186 Supt. Jennifer Gill warns of TikTok "challenges"

Springfield Public Schools urges families to talk about potential consequences

Students engaging in pranks at school is nothing new. But a new trend is apparently encouraging criminal activity. In a letter emailed to parents on Oct. 1, District 186 Supt. Jennifer Gill asked families to urge students not to participate in "challenges" circulating on TikTok that encourage physically hitting teachers and stealing school property.

TikTok is a wildly popular social media platform that allows users to create and share short videos. Recently, schools from all over the country have asked for students to stop recording themselves acting out and posting the evidence to TikTok. The challenges have included "devious licks" – where students steal various school items such as hand sanitizer and soap dispensers. An October challenge reportedly encourages students to slap teachers.

TikTok has condemned the alleged actions of its users. A TikTok spokesperson told CBS 46 in Atlanta, Georgia in response to reporting about the challenges: “We expect our community to stay safe and create responsibly, and we do not allow content that promotes or enables criminal activities. We are removing this content and redirecting hashtags and search results to our Community Guidelines to discourage such behavior.”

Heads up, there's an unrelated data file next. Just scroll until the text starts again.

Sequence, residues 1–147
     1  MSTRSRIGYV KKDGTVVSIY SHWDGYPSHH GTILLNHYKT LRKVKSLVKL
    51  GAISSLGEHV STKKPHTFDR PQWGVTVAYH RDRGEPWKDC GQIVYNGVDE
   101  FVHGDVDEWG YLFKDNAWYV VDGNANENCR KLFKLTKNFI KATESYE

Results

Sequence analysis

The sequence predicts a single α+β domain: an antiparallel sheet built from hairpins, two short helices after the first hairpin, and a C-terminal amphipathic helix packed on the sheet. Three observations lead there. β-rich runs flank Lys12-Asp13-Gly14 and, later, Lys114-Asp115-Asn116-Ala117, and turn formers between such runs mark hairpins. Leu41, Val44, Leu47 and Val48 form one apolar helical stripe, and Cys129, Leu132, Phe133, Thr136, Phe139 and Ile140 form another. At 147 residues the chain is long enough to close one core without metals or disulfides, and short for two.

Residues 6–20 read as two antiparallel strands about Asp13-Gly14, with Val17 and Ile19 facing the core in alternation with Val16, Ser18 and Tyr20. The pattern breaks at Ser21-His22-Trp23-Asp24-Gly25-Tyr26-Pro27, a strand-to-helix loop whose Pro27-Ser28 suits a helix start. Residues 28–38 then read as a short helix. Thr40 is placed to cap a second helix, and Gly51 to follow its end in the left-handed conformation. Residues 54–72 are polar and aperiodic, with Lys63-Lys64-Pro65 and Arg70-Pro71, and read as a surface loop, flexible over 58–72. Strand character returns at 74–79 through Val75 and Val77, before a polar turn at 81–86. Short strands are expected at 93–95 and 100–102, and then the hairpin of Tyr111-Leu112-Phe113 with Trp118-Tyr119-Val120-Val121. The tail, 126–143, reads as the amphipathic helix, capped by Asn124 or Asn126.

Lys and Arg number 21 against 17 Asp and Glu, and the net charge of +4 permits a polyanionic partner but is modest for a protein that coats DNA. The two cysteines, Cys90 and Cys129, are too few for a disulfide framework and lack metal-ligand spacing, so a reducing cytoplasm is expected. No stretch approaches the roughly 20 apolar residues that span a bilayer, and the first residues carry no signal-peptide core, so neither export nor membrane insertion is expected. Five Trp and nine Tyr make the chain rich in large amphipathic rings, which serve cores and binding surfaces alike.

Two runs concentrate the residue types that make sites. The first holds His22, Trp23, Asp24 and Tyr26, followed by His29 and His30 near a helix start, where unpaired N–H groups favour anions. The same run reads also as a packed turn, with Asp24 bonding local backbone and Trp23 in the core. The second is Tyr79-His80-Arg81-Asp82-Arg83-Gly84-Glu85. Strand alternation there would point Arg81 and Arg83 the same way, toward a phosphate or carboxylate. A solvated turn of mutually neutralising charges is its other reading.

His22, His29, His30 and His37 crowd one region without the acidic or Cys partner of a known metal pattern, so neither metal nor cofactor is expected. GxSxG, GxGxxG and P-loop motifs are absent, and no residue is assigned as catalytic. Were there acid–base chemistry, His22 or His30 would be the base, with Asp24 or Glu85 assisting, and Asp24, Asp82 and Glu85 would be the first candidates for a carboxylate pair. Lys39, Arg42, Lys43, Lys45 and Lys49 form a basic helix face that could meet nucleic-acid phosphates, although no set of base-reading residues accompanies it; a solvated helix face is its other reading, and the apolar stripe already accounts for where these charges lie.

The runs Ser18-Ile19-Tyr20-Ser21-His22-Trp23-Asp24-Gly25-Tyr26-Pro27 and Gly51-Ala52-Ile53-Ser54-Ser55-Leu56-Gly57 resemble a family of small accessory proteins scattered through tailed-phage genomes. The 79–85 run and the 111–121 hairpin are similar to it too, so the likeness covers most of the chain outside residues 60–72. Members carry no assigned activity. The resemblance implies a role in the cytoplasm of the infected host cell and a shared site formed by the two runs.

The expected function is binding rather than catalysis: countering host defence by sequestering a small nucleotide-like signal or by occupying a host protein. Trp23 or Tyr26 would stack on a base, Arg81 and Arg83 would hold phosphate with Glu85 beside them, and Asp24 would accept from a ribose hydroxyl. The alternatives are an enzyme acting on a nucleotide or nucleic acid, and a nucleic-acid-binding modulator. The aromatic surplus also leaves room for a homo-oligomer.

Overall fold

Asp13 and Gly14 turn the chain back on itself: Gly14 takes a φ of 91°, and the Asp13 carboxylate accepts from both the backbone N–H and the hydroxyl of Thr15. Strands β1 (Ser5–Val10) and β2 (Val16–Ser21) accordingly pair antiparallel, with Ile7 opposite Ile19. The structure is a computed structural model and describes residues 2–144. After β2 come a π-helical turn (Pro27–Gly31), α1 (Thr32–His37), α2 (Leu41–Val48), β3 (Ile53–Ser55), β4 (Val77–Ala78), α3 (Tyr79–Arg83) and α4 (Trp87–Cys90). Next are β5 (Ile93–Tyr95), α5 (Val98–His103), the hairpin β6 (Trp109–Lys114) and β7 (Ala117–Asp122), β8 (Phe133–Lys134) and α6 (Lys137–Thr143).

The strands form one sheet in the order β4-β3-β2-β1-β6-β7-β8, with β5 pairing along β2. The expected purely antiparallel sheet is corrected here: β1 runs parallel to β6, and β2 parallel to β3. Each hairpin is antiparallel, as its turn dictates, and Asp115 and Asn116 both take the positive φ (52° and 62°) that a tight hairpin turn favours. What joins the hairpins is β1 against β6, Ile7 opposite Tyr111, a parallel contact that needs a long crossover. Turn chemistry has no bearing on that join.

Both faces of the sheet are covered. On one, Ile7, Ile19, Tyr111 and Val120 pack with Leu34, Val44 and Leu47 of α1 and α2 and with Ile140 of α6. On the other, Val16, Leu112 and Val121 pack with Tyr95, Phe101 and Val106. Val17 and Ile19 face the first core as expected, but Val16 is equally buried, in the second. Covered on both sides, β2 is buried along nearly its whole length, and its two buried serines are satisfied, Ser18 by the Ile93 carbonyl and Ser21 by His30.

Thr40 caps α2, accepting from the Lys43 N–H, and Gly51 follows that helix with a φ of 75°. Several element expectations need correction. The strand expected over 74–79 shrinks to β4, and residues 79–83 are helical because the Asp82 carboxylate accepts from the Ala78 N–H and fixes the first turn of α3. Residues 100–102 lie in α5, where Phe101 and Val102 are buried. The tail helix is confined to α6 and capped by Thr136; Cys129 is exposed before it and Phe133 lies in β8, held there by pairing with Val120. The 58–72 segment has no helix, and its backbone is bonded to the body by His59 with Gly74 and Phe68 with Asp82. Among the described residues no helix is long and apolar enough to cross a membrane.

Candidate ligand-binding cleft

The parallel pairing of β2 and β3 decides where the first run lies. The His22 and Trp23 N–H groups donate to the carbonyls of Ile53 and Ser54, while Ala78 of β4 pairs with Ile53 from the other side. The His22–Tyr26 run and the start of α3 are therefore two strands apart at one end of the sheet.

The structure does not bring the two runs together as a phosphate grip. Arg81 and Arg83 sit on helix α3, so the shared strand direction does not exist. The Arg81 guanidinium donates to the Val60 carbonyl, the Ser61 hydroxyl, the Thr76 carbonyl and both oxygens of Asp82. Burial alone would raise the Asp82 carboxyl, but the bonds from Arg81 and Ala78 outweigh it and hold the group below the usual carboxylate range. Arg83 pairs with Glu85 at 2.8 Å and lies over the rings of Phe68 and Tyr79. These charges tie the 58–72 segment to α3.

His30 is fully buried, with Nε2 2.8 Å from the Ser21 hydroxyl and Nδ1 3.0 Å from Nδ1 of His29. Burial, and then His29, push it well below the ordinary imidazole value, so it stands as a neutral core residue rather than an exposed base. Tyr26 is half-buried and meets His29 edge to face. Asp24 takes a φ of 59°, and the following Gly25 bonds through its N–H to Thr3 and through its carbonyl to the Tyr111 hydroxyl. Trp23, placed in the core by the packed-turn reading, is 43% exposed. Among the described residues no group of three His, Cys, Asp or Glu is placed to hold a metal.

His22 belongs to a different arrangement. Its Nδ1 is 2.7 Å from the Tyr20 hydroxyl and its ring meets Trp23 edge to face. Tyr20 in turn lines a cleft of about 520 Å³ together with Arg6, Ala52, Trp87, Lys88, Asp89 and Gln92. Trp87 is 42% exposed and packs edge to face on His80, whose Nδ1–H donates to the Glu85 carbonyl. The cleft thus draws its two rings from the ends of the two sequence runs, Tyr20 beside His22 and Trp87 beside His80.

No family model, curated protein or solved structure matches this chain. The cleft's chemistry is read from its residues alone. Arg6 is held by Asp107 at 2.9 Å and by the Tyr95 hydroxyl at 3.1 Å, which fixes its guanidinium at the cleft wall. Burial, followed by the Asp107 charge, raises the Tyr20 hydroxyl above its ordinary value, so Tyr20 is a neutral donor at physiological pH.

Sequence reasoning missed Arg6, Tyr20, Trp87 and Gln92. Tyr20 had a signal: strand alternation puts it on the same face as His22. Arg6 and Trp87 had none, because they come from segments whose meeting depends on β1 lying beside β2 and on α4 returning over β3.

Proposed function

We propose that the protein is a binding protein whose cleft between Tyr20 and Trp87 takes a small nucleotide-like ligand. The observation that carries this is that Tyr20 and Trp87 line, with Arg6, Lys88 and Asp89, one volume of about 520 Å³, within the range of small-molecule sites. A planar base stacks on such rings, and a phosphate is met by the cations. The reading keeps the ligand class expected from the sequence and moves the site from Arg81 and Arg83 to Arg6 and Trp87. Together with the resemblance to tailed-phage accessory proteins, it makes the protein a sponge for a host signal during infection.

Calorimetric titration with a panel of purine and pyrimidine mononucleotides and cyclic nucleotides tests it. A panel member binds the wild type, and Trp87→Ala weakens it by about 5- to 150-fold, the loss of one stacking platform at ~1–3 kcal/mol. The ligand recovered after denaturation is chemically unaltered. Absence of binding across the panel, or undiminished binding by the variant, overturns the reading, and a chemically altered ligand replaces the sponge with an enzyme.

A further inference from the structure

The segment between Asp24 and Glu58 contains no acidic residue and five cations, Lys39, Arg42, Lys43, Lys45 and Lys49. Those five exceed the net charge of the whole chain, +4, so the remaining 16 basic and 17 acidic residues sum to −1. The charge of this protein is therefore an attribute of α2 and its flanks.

In the letter from Gill to parents, she said, “We understand that technology and social media are ever changing and can be difficult to monitor and regulate. We are asking for your assistance in discussing the seriousness of these actions and their potential consequences, the importance of making good choices at school, and using technology responsibly.”

Gill said students who participate in the challenges, including those who record the acts, could face discipline, including the potential involvement of law enforcement. "We are partnering with our States Attorney’s office to proactively address these issues so that we can avoid any devastating outcomes," she wrote.

Read the full letter, here.

Contact Rachel Otwell at [email protected].

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